Violent death of moon Chrysalis may have spawned Saturn’s rings

A view of Saturn from NASA’s Hubble Space Telescope captures details of its ring system and atmospheric detail June 20, 2019. Scientists said on Thursday that the destruction of a large moon that moved too close to Saturn would both explain the birth of the gas giant planet. gorgeous rings. (NASA/ESA, A. Simon, MH Wong and the OPAL team via REUTERS)

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WASHINGTON — Call it the missing moon case.

Scientists using data obtained by NASA’s Cassini spacecraft and computer simulations said Thursday that the destruction of a large moon that strayed too close to Saturn would explain both the birth of the planet’s magnificent rings gas giant and its unusual orbital inclination of about 27 degrees.

The researchers named this hypothetical moon Chrysalis and said it may have been torn apart by the tidal forces of Saturn’s gravitational pull perhaps 160 million years ago – relatively recent compared to the date of formation of the planet more than 4.5 billion years ago.

About 99% of the Chrysalis wreckage appears to have sunk into Saturn’s atmosphere while the remaining 1% remained in orbit around the planet and eventually formed the great ring system that is one of the wonders of our solar system, the researchers said. They chose the name Chrysalis for the moon because it refers to the pupal stage of a butterfly before it matures into its glorious adult form.

“Like a butterfly emerges from a chrysalis, the rings of Saturn emerged from the primordial satellite Chrysalis,” said Jack Wisdom, professor of planetary sciences at the Massachusetts Institute of Technology and lead author of the study published in the Science magazine.

The researchers estimated that Chrysalis was about the size of Iapetus, Saturn’s third largest moon which is just over 910 miles in diameter.

“We assume it was mostly water ice,” said planetary scientist and study co-author Burkhard Militzer of the University of California, Berkeley.

Saturn’s rings, mostly made of water ice particles ranging from smaller than a grain of sand to the size of a mountain, extend up to 175,000 miles from the planet but are usually only about 30 feet thick. While the other large gaseous planets in the solar system, including Jupiter, also have rings, they pale in comparison to those of Saturn, the sixth planet from the sun.

Located nearly 10 times farther from the sun than Earth, Saturn is the second largest planet in our solar system behind Jupiter, with a volume 750 times that of Earth. Saturn, composed mostly of hydrogen and helium, orbits 83 known moons, including Titan, the second largest moon in the solar system – larger than the planet Mercury.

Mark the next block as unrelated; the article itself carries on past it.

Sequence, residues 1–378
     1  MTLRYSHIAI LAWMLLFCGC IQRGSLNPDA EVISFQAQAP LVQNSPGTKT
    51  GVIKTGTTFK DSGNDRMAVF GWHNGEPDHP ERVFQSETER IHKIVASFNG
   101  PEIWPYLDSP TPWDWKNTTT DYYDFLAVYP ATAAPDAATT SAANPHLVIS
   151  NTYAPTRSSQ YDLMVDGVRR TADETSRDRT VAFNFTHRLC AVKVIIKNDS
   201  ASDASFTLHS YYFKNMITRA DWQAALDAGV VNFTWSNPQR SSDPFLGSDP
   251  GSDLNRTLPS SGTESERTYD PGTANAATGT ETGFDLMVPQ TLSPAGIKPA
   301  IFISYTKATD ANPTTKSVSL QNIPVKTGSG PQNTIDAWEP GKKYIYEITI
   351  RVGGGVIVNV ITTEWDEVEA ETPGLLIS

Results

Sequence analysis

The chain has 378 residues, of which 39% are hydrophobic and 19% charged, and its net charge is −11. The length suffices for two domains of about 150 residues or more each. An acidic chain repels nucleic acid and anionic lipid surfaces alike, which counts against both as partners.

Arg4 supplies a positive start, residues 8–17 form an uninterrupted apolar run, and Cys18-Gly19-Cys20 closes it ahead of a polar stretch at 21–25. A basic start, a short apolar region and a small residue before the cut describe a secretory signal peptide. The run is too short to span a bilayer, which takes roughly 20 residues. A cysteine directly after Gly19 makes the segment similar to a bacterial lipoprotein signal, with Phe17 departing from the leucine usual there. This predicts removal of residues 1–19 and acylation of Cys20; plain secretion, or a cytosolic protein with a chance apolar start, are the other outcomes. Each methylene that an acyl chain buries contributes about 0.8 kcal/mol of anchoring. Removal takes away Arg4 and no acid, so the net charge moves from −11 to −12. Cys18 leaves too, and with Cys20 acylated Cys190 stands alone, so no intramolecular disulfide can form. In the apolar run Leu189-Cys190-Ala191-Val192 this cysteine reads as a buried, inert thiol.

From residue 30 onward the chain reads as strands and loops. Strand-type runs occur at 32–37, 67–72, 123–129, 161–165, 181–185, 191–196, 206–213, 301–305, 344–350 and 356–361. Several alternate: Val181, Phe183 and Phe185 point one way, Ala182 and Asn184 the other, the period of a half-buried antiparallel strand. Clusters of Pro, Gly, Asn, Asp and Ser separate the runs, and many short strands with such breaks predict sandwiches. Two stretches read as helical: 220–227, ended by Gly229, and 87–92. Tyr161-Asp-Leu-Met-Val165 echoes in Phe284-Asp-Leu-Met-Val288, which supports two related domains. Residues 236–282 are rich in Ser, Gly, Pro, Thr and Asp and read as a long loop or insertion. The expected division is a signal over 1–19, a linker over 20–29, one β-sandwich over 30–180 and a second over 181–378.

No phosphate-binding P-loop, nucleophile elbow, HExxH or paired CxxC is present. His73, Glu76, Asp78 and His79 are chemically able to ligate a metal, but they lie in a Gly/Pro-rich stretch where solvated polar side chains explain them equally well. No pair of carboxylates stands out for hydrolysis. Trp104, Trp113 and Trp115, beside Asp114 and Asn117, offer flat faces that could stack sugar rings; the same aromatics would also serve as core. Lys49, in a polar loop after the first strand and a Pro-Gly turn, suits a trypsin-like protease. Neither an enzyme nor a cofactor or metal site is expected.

Cassini made 294 orbits around Saturn from 2004 to 2017, obtaining vital data, including gravity measurements that were key to the new study, before the robotic explorer took a fatal plunge into the planet.

Saturn's rings are seen as seen by NASA's Cassini spacecraft, which obtained the images that make up this mosaic from a distance of about 450,000 miles from Saturn on April 25, 2007. Scientists said on Thursday that the destruction of a large moon that moved too close to Saturn would both explain the birth of the gas giant planet's magnificent rings.
Saturn’s rings are seen as seen by NASA’s Cassini spacecraft, which obtained the images that make up this mosaic from a distance of about 450,000 miles from Saturn on April 25, 2007. Scientists said on Thursday that the destruction of a large moon that moved too close to Saturn would both explain the birth of the gas giant planet’s magnificent rings. (Photo: NASA/JPL-Caltech/Space Science Institute/Handout via Reuters)

A study published in 2019 provided evidence that the rings were a relatively recent addition, and the new research has expanded those findings. In the new study, the researchers proposed a multi-step process to explain the formation of Saturn’s rings.

The Saturnian system formed with Chrysalis among the many moons present, they said. Initially, the planet’s axis of rotation was perpendicular to its orbital plane around the sun, but the gravitational effects of distant planet Neptune on the Saturnian system tilted Saturn’s axis of rotation.

The drama began when Titan’s orbit around Saturn began to drift outward — a process still ongoing — destabilizing Chrysalis’ orbit, they said. Titan’s outward migration is thought to be relatively rapid, at around 4 inches per year – which doesn’t sound like a lot, but over time it’s a lot, especially for such a large moon.

Chrysalis’ orbit deteriorated and the moon ventured so close to Saturn that it disintegrated, the researchers said.

“Saturn’s gravitational pull tore it apart the same way Jupiter tore Comet Shoemaker-Levy 9 apart,” Militzer said, referring to a comet that finally crashed into Jupiter in 1994.

“With Chrysalis gone, Neptune could no longer change Saturn’s axis of rotation, so the planet was left to spin at an angle of 27 degrees,” Militzer added.

By comparison, Earth’s tilt is about 23 degrees.

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